VIDEO: Naas Judge imposes driving ban on Conor McGregor this afternoon warning him that speed kills

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VIDEO: Naas Judge imposes driving ban on Conor McGregor this afternoon  warning him that speed kills
14:59 Wednesday 28th of November 2018

Conor McGregor has been banned from driving for six months at Naas District Court this afternoon.

Charges of not having a driving licence and not producing a driving licence were withdrawn.

Sgt Michéal Keevans outlined at Naas District Court how the 30-year-old former UFC champion, Conor McGregor, who gave his parent's address in Lucan, because according to Garda evidence he could not remember his address in Co Kildare,  was driving at a speed of 154 km per hour in a 100km zone, Kill, on October 11, 2017,at 10.57pm.

Sgt Keevans  told the court how McGregor  was driving a blue Range Rover.

Represented by Defence Solicitor, Graham Kenny, he pleaded guilty to speeding.

Sgt Keevans evidence outlined how the accused had 12 previous road traffic offences, some dating back to when he was teenager.

Sgt Keevans  said: "He was polite on the night. He was issued with a fixed penalty notice and did not pay it."

The court heard how the fixed penalty notice was €80 and that after 28 days the fine rises to €120. He is then given another 28 days to pay and it rises to €200. The court heard how he could have paid five days before the court appearance, in order to avoid appearing in court.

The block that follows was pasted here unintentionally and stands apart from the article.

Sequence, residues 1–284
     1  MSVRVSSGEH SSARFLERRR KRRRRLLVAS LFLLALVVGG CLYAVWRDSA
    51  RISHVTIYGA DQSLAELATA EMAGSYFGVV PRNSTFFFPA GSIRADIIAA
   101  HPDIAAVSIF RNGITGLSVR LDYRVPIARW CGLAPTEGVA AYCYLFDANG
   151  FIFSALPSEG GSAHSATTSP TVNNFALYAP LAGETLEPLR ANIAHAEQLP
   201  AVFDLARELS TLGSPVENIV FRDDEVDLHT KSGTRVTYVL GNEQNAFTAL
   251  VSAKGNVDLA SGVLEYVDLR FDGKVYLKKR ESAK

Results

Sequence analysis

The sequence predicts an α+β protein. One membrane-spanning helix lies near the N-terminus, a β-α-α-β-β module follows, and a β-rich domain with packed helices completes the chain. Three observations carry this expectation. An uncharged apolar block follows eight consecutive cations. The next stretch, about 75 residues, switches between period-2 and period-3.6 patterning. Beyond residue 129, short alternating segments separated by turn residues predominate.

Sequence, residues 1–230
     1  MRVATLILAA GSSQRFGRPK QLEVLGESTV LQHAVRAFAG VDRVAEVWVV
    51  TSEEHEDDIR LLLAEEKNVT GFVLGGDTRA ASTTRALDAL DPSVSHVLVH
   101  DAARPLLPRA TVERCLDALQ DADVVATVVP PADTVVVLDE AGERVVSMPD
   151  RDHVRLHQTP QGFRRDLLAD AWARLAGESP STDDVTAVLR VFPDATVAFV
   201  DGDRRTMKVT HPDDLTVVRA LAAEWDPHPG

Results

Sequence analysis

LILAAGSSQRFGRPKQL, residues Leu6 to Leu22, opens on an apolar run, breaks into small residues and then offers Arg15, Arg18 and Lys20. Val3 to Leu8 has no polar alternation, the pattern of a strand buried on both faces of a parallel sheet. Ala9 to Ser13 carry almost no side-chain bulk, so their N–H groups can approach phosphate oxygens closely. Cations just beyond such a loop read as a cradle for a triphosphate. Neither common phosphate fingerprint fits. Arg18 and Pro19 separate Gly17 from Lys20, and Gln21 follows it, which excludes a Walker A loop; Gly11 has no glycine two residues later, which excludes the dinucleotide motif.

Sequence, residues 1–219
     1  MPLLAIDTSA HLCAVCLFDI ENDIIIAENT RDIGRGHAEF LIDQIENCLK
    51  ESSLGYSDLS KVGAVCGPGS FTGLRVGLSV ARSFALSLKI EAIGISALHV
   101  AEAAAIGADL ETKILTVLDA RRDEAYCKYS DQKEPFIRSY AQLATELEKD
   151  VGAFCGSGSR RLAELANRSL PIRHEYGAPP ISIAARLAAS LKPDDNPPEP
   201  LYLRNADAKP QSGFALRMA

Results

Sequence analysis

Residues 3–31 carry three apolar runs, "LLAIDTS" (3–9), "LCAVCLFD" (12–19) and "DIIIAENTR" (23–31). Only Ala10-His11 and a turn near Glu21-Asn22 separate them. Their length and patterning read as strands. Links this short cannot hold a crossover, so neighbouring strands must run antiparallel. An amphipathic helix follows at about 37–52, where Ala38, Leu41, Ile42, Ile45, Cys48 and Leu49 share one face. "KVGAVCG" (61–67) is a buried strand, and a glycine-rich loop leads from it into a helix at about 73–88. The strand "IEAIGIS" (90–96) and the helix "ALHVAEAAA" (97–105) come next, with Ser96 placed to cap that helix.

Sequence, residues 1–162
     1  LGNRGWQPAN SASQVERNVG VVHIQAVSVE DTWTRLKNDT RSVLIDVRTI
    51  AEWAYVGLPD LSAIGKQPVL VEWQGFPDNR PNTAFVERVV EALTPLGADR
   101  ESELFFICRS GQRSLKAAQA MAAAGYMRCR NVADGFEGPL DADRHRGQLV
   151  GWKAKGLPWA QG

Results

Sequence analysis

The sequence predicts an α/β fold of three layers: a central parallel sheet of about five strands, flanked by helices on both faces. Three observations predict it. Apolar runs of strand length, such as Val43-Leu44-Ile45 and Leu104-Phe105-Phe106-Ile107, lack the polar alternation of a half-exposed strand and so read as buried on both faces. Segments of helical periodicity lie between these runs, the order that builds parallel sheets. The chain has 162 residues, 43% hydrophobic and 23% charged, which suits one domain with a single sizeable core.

Evidence was given how his previous convictions included a speeding fine at Dublin District Court on November 3, 2017,  for driving at a speed of 158 km per hour in 100 km per hour.

Other previous included holding a mobile phone while driving in 2012, he was disqualified six months and fined €400.

In 2011, he was also charged with holding a mobile phone while driving and was fined €250.

In 2010, he was fined €500 for entering a bus lane.

In May 17, 2010, he was fined €250 for being a unaccompanied driver on a provisional licence.

On 12 May, 2010, he was also fined for being a provisional driver unaccompanied.

Essentially, he had 12 previous convictions all relating to traffic offences, dating back to 2009.

Sgt Keevans outlined how it was a dry night and that traffic was low to moderate.

Sgt Keevans said: "I stopped him and spoke to him for about five minutes. He said, 'I am sorry.'"

Judge Desmond Zaidan asked Defence if the accused wished to apologise.

Judge Zaidan said: "He is the best person to apologise, rather than you."

Conor McGregor took to the stand.

Defence said: "During that time, you expressed that you had financial difficulties at that time. You understand the seriousness of the offence."

Mc Gregor said: "I apologise. I did not know I was going that fast."

Addressing McGregor, Judge Zaidan said: "Why did you not pay the fixed penalty fine.?"

He said: "I passed it on to get paid."

Defence said: "He fully intended it to be paid."

Judge Zaidan said: "I was somewhat taken aback by the number of previous convictions, but some go back to when he was a teenager."

Judge Zaidan said that he is fortunate that he did not get charged with dangerous driving or careless driving.

Judge Zaidan said that he would bear in mind that he was courteous and that he appears to be remorseful.

He said that it is not a great example to set to teenagers.

Judge Zaidan said: "Speed kills."

He banned McGregor from driving for six months and fined him €1,000. The maximum fine is €2,000.

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